Charles Sturt helps to integrate ‘citizen scientists’ into fish movement research


Charles Sturt helps to integrate ‘citizen scientists’ into fish movement research

A Charles Sturt research project has utilised 'citizen scientists' to gather valuable data that will assist to develop beneficial programs in the Murray-Darling Basin.

  • Charles Sturt partners with OzFish and Karltek for pilot study
  • The pilot study will gather information for government agencies to determine if the project can be upscaled
  • The project aims to train citizen scientists to use fish tagging microchips

Charles Sturt University’s Gulbali Institute for Agriculture, Water and Environment has partnered with OzFish and Karltek to work with a select group of anglers to undergo training in fish handling and Passive Integrated Tagging (PIT) procedures.

PIT tagging involves implanting small internal microchips into fish. The tags are activated when they pass near a specialised antenna, installed throughout the river system, to detect the fish.

The goal is to demonstrate that citizen scientists, when appropriately trained, can contribute to basin-wide scientific programs, reducing government reliance and increasing confidence in collected data.

Charles Sturt’s Postdoctoral Researcher in Fisheries and Water Infrastructure with the Gulbali Institute Dr Katie Doyle said, “Establishing a group of trained citizen scientists presents a significant opportunity to increase tagged fish numbers and enhance the quality of generated data.

“However, as fish tagging involves a surgical technique, there is a need to train, equip, and empower groups to undertake this work while ensuring adherence to animal ethical standards and in a manner which is scientifically robust.”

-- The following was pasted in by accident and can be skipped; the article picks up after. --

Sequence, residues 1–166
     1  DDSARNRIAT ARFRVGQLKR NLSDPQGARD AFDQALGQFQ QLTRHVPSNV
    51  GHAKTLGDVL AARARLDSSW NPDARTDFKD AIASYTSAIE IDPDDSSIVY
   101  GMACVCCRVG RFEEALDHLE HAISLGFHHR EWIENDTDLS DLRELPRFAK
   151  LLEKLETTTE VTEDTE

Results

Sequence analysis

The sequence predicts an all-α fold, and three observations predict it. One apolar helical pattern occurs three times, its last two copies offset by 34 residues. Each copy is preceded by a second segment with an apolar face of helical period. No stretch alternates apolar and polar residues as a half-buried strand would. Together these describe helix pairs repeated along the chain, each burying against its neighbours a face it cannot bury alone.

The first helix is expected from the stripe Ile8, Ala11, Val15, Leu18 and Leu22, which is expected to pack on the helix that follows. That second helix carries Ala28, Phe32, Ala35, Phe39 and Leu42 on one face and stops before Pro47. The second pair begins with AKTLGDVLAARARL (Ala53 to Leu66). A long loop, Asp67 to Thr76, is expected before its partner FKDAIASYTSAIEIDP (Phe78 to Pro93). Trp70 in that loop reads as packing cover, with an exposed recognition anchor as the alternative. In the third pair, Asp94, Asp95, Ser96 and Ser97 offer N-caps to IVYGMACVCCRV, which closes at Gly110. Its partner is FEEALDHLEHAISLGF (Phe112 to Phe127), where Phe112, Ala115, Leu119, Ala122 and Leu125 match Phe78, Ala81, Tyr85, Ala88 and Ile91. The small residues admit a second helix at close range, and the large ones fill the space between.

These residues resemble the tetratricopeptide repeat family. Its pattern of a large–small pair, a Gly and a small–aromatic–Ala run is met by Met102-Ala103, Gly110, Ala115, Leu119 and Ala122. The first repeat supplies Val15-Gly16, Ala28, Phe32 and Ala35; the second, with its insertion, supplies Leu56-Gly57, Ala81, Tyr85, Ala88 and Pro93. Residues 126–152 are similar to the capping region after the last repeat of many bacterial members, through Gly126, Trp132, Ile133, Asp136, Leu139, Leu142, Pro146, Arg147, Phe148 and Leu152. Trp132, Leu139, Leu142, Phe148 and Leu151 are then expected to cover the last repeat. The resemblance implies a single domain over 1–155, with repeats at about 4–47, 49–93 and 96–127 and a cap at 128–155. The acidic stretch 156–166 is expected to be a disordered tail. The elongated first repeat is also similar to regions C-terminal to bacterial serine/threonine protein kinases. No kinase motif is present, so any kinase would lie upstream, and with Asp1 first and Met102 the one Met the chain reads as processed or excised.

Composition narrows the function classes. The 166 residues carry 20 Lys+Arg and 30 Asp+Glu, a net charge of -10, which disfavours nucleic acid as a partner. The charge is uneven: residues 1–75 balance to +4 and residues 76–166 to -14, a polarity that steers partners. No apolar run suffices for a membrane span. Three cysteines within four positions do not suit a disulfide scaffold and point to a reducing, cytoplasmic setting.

Charles Sturt, OzFish and Karltek experts will run a series of workshops providing training in fish handling and PIT tagging procedures with anglers at three sites across the Murray-Darling Basin, including Deniliquin, Swan Hill and Mildura.

This pilot initiative aims to determine whether anglers can contribute valuable data to fisheries research with minimal harm to the fish. The team will pilot the approach and report back to government on the feasibility of citizen scientist-led programs over the long term.   

This project has been funded by the Australian Government OneBasin CRC and the Next Generation Water Engineering and River Management Hub, the NSW Recreational Fishing Trust and BCF – Boating, Camping, Fishing  ̶  with support from Charles Sturt University, recreational fishers, and First Nations groups.

The first workshop was held in Deniliquin on Saturday 25 November. Those wanting to be involved in the Swan Hill or Mildura workshops can complete the online Expression of Interest form.

Media Note:

To arrange interviews with Dr Katie Doyle, contact Nicole Barlow at Charles Sturt Media on mobile 0429 217 026 or

The Gulbali Institute for Agriculture, Water and Environment is a strategic investment by Charles Sturt University to drive integrated research to optimise farming systems, enhance freshwater ecosystems and improve environmental management, to deliver benefits across Australia and globally.

Photo caption: Charles Sturt staff members An Vi Vu and Cameron McGregor demonstrate the fish tagging process in Deniliquin recently.

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Wagga Wagga Charles Sturt University Gulbali Institute